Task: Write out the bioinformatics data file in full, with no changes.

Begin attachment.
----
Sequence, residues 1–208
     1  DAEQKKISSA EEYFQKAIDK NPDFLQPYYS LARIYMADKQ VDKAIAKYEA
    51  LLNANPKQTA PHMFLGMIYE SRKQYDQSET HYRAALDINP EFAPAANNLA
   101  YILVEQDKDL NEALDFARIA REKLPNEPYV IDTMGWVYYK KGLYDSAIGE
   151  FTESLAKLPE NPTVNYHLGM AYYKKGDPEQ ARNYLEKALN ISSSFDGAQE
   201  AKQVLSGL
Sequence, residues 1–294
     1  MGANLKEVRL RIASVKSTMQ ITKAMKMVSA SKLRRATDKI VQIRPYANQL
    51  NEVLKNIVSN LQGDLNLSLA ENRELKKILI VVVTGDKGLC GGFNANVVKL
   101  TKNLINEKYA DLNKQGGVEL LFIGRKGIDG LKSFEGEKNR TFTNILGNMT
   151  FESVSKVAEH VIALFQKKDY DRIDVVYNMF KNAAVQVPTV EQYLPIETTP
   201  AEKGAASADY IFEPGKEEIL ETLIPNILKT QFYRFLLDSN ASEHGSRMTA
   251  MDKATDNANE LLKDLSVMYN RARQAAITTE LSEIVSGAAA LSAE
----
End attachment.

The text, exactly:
Sequence, residues 1–208
     1  DAEQKKISSA EEYFQKAIDK NPDFLQPYYS LARIYMADKQ VDKAIAKYEA
    51  LLNANPKQTA PHMFLGMIYE SRKQYDQSET HYRAALDINP EFAPAANNLA
   101  YILVEQDKDL NEALDFARIA REKLPNEPYV IDTMGWVYYK KGLYDSAIGE
   151  FTESLAKLPE NPTVNYHLGM AYYKKGDPEQ ARNYLEKALN ISSSFDGAQE
   201  AKQVLSGL
Sequence, residues 1–294
     1  MGANLKEVRL RIASVKSTMQ ITKAMKMVSA SKLRRATDKI VQIRPYANQL
    51  NEVLKNIVSN LQGDLNLSLA ENRELKKILI VVVTGDKGLC GGFNANVVKL
   101  TKNLINEKYA DLNKQGGVEL LFIGRKGIDG LKSFEGEKNR TFTNILGNMT
   151  FESVSKVAEH VIALFQKKDY DRIDVVYNMF KNAAVQVPTV EQYLPIETTP
   201  AEKGAASADY IFEPGKEEIL ETLIPNILKT QFYRFLLDSN ASEHGSRMTA
   251  MDKATDNANE LLKDLSVMYN RARQAAITTE LSEIVSGAAA LSAE